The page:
Oscar Florianus Bluemner
Oscar Florianus Bluemner (German and American, 1867–1938) was a German-born, American Modernist painter.
Bluemner was born on June 21, 1867 as Friedrich Julius Oskar Bluemner in Prenzlau, Germany. He studied painting and architecture a the Royal Academy of Design in Berlin. In 1893, he immigrated to Chicago where he freelanced as a draftsman at the World's Columbian Exposition. He relocated to New York in 1901. In 1903, he found success after he won the winning design for the Bronx Borough Courthouse. In New York, Bluemner met Alfred Stieglitz who introduced him to other European and American avant-garde artists. By 1910, Bluemner decided to pursue painting full-time instead of architecture. He showed at the prestigious Armory Show in 1913 and had his first solo exhibition in 1915. Bluemner failed to attract buyers to his paintings and lived in poverty most of his life. However, Bluemner never stopped his lofty ambitions as an artist and created paintings for the Federal Arts Project in the 1930s. After his wife's death in 1926, Bluemner moved to South Braintree, Massachusetts. In 1935, he had a successful solo show at the Marie Harriman Gallery in New York City. Three year later, though, Bluemner committed suicide.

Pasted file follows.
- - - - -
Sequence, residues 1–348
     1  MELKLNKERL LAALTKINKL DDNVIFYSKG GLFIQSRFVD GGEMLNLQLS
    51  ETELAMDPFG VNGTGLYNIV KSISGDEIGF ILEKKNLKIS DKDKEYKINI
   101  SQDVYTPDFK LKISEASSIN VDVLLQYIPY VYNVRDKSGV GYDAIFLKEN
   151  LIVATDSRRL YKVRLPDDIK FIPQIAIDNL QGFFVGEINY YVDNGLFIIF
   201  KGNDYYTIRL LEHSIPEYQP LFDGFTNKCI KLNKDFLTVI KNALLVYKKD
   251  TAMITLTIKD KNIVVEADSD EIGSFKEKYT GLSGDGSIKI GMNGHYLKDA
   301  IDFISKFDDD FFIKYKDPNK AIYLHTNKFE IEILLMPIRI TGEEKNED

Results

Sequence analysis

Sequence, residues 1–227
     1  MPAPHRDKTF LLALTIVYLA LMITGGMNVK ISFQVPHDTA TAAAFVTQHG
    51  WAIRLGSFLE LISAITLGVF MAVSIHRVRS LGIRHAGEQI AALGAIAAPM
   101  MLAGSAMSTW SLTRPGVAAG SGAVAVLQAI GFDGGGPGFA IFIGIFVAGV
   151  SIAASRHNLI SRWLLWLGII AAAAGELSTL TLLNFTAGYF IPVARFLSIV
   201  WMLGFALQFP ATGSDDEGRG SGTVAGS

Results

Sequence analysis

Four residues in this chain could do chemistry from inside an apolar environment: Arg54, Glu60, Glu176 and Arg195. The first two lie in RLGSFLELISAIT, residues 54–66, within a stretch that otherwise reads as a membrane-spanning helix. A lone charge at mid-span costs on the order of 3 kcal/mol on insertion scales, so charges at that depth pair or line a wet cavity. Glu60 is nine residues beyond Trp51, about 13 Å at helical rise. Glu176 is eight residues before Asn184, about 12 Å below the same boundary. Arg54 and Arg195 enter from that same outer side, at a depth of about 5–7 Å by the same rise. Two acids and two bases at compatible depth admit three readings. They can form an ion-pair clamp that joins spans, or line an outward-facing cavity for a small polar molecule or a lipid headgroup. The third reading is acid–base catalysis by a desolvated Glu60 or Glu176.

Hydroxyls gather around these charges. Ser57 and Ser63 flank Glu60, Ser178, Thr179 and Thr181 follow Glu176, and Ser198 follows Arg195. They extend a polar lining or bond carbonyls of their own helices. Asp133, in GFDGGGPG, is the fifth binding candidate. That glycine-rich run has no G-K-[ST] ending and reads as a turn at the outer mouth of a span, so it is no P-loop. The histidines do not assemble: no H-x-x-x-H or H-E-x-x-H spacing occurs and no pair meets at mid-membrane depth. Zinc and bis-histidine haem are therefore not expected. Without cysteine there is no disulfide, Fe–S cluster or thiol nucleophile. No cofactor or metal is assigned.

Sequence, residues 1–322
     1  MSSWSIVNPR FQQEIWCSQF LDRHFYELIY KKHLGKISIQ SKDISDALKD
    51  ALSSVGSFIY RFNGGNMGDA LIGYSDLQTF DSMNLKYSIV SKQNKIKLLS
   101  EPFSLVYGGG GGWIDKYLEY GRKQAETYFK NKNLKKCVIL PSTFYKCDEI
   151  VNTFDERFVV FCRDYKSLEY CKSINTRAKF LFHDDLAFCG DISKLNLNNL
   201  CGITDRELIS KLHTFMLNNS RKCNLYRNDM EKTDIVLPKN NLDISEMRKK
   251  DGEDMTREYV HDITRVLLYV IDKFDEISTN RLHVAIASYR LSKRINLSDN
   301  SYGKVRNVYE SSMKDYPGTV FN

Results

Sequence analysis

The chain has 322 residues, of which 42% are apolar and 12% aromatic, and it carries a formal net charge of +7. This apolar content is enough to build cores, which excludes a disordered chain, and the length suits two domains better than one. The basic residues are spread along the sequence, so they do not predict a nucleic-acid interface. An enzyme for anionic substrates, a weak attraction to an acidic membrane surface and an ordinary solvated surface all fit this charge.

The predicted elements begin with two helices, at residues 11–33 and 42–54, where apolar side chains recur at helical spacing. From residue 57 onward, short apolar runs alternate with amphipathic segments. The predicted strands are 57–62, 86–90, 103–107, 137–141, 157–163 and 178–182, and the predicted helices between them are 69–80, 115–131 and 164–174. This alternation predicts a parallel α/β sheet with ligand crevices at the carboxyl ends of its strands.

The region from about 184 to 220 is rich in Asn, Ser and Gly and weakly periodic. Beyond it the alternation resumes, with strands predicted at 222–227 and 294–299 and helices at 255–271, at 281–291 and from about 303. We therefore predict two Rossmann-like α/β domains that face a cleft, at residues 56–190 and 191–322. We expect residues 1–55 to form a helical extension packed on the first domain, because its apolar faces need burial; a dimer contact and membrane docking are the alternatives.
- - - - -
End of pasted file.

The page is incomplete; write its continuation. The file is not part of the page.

Overlooked during his lifetime, Bluemner is now considered one of the greatest American Modernists and revolutionaries. Stetson University holds more than 1,000 pieces in their collection. In 2013, the Montcliar Art Museum in New Jersey presented an exhibition of Bluemner's work that depicted landscapes and industrial areas painted between 1910 and 1917. An oil painting by Bluemner titled Illusion of a Prairie, New Jersey (Red Farm at Pochuck) (1915) sold at Christie's, New York for $5,346,5000 in 2011. Today, Oscar Florianus Bluemner's work can be found in numerous private collections and major museums worldwide.